By Sandy Patano, Coeur d'Alene/Post Falls Press
Everyone has been touched, in one way or another, by suicide. This is a health issue in Idaho, a mental health issue. Whether it is the immediate family, extended family or friends, co-workers or fellow students, the survivors experience a range of complex grief reactions including guilt, anger, abandonment, denial, helplessness and shock.
We need to remove the “stigma” of suicide and begin to talk about it and treat it as a preventable mental health issue. According to the Idaho Bureau of Vital Statistics, Idaho consistently ranks in the top 10 states with the highest suicide rates:
• In 2013, Idaho was 6th highest in the nation
• In 2014, 320 people completed suicide in Idaho
• In 2014, Idaho averaged over six deaths by suicide per week
• From 2010 to 2014, Idaho lost 96 school-age children (18 and younger); 20 of those were 14 or younger
Suicides in Northern Idaho Counties, from 2010-2014:
Kootenai County: 143
Bonner County: 42
Boundary County: 16
Benewah County: 9
Latah County: 25
For the most part, suicide prevention efforts in Idaho have been largely left up to nonprofit organizations such as United Way and larger Foundations such as the Albertson’s Foundation, and small, pass-through federal grants. The state of Idaho has historically had little involvement financially or programmatically.
In December of last year, the Idaho Health Quality Planning Commission approved a plan and path forward with a proposed budget. The push made during this legislative session is to fund the priorities of the plan. House Bill 566 is the result of this good work.
HB 566 is a new appropriation for $971,100 in ongoing state funding for:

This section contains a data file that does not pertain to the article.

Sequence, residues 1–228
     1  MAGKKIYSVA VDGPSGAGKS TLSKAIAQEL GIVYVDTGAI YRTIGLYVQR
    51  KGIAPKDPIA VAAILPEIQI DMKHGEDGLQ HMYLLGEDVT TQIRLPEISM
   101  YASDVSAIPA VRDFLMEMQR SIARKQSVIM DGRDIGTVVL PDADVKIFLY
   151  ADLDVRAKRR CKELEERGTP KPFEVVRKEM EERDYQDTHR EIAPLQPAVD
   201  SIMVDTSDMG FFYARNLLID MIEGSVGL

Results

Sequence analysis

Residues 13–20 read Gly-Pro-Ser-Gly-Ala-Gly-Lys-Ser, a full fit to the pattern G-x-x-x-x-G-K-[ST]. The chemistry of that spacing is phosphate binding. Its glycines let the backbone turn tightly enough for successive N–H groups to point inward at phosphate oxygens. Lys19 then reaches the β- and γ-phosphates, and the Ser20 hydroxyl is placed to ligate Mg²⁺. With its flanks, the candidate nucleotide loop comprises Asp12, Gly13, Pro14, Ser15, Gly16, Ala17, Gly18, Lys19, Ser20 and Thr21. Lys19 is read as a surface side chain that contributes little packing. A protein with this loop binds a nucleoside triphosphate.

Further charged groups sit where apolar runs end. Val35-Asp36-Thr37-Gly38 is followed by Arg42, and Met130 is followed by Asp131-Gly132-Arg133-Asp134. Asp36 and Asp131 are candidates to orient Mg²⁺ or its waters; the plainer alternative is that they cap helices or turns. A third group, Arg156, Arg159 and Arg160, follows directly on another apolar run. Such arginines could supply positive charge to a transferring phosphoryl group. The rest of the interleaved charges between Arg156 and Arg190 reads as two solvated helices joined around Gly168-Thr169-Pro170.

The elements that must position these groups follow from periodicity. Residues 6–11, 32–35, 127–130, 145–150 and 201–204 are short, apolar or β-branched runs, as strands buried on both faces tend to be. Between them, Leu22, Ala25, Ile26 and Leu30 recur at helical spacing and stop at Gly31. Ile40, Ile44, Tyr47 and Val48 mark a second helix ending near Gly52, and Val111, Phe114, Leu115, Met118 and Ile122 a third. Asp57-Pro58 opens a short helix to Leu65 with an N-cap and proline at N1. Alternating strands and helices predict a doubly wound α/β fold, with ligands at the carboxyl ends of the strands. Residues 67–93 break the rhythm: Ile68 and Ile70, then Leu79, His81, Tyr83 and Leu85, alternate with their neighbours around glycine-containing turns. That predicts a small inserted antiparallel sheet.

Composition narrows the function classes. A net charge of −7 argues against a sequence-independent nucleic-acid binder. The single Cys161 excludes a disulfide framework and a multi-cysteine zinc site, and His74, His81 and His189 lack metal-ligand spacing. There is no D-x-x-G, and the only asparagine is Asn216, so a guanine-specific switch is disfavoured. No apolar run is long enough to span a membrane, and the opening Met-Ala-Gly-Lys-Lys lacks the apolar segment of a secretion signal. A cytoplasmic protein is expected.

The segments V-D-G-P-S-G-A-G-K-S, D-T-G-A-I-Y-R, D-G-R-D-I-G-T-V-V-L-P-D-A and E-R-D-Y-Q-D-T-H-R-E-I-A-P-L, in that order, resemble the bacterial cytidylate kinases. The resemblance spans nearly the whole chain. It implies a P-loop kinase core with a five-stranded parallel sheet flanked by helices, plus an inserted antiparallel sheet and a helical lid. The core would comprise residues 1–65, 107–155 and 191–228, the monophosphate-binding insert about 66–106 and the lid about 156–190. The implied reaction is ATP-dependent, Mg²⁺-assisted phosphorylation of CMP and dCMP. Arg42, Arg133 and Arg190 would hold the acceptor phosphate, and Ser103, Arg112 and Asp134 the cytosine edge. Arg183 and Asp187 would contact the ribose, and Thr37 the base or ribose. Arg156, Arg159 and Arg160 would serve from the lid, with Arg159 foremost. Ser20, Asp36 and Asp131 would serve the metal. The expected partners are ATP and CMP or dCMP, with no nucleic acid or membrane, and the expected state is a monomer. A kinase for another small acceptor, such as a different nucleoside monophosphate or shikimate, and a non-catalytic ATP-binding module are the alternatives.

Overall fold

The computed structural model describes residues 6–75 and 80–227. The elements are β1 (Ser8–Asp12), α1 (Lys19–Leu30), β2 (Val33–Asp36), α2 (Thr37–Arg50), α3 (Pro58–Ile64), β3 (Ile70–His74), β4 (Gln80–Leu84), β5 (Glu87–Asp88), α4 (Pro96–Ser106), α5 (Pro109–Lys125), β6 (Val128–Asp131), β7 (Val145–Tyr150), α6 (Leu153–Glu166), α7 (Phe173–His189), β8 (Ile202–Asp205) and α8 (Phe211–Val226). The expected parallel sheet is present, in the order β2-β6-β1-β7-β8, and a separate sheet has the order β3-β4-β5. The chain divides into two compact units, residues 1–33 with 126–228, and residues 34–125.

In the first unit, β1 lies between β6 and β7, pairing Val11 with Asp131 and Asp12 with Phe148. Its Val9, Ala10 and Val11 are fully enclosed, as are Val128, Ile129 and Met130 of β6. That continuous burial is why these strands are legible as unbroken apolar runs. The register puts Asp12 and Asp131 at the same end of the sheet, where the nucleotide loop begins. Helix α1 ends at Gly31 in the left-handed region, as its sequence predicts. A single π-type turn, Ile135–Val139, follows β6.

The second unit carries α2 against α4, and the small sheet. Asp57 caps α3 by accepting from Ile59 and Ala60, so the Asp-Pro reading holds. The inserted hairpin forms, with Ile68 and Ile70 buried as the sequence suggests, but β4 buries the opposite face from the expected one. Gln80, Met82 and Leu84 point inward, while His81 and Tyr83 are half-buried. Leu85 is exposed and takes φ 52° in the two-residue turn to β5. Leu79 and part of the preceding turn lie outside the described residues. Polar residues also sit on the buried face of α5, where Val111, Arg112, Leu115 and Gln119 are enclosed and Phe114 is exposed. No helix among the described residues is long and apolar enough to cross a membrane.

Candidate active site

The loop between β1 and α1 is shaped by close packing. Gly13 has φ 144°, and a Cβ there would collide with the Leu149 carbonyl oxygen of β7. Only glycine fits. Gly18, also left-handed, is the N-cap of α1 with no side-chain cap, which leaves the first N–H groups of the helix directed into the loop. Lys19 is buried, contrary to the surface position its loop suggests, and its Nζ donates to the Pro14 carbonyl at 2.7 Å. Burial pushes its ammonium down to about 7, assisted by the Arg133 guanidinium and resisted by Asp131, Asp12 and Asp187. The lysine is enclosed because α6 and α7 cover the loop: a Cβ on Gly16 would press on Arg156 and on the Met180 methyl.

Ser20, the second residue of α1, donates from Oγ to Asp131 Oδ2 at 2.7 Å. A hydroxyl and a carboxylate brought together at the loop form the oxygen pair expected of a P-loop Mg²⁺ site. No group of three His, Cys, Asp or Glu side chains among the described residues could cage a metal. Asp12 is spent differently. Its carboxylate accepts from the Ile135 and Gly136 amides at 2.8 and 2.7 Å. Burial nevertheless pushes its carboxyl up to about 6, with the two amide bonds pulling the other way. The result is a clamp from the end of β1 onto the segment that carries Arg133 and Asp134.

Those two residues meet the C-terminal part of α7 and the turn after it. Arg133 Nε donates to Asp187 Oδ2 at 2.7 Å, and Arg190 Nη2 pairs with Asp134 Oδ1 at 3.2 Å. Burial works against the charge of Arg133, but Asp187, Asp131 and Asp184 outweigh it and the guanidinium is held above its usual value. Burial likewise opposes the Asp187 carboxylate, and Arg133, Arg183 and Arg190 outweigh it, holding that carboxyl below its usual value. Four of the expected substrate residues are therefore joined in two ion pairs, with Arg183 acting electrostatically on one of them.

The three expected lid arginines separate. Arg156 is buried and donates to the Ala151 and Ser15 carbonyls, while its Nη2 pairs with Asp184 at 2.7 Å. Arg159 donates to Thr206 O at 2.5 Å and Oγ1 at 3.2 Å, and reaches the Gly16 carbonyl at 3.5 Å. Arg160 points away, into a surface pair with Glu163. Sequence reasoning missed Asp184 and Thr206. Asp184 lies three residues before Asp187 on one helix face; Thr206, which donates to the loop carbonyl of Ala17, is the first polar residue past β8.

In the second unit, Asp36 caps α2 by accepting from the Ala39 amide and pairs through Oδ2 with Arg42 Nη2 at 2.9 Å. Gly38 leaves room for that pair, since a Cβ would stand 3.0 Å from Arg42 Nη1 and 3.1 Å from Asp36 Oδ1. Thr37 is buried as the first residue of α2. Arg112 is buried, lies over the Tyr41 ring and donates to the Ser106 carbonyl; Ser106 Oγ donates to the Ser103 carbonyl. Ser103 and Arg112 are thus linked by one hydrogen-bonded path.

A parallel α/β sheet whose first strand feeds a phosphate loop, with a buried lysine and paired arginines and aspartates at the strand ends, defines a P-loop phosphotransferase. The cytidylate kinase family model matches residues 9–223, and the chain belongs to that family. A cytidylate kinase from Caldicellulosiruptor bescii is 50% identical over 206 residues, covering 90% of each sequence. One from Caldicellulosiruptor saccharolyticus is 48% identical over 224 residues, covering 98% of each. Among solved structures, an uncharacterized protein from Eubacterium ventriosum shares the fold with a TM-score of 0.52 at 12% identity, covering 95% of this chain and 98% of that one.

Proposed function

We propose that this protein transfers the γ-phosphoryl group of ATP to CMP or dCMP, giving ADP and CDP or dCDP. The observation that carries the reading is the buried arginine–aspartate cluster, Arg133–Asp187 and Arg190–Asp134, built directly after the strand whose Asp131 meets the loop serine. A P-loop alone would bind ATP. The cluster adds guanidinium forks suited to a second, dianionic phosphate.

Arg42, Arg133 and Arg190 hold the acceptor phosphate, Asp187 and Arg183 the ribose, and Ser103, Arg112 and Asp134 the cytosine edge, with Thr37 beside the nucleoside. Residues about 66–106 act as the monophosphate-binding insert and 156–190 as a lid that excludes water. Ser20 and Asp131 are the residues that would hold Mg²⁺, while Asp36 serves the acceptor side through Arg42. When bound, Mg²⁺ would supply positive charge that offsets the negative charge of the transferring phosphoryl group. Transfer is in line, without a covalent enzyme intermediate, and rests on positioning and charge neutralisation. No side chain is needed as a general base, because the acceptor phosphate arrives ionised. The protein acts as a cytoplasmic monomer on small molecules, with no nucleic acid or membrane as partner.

1) Office of Suicide Prevention within the Department of Health & Welfare
2) Training of middle and high school students over five years
3) Sustainability for the Idaho Suicide Prevention Hotline
4) A public awareness campaign: People simply do not know how to talk about suicide and prevention
On Friday, May 6, the Idaho Suicide Prevention Coalition will hold an award ceremony recognizing the efforts of area legislators like Sen. Keough, Rep. Malek, and other legislators who took leadership of this urgent, mental health care crisis. The Coalition, comprised of more than 30 statewide member organizations, include entities like the Idaho Department of Health and Welfare and Idaho Suicide Prevention Hotline, Idaho Chapter Fraternal Order of Police, Ada County Paramedics, Women and Children’s Alliance, Nurse Leaders of Idaho, YMCA, United Way, Idaho Public Health Association, Suicide Prevention Action Network, Coeur d’Alene Tribe, Idaho Academy of Family Physicians, Idaho Sheriff’s Association, American Nurses Association (Idaho), Professional Firefighters of Idaho, Holy Apostles Catholic Church, Idaho Medical Association, and many others.
SB 1326 amends IDH&W statute to clearly define the department’s role on suicide prevention and education, which was supported unanimously. However, HB 566, which actually funds the awareness and prevention activities, was supported by only a few area legislators as shown below left.
Suicide and non-fatal suicidal behavior are major public health problems across Idaho. But, suicide is preventable. When one feels hopeless or knows someone who is, reach out to the Idaho Suicide Prevention Hotline at 1.800.273.TALK (8255).
Sandy Patano is a member of Republican North Idaho Political Action Committee (Republican NIPAC or NIPAC): “Protecting Individual Freedom, Promoting Individual Responsibility: Our mission is to help rational, dedicated, problem-solving people get elected to public office — by motivating citizens to register, affiliate, and vote in the upcoming primary elections.”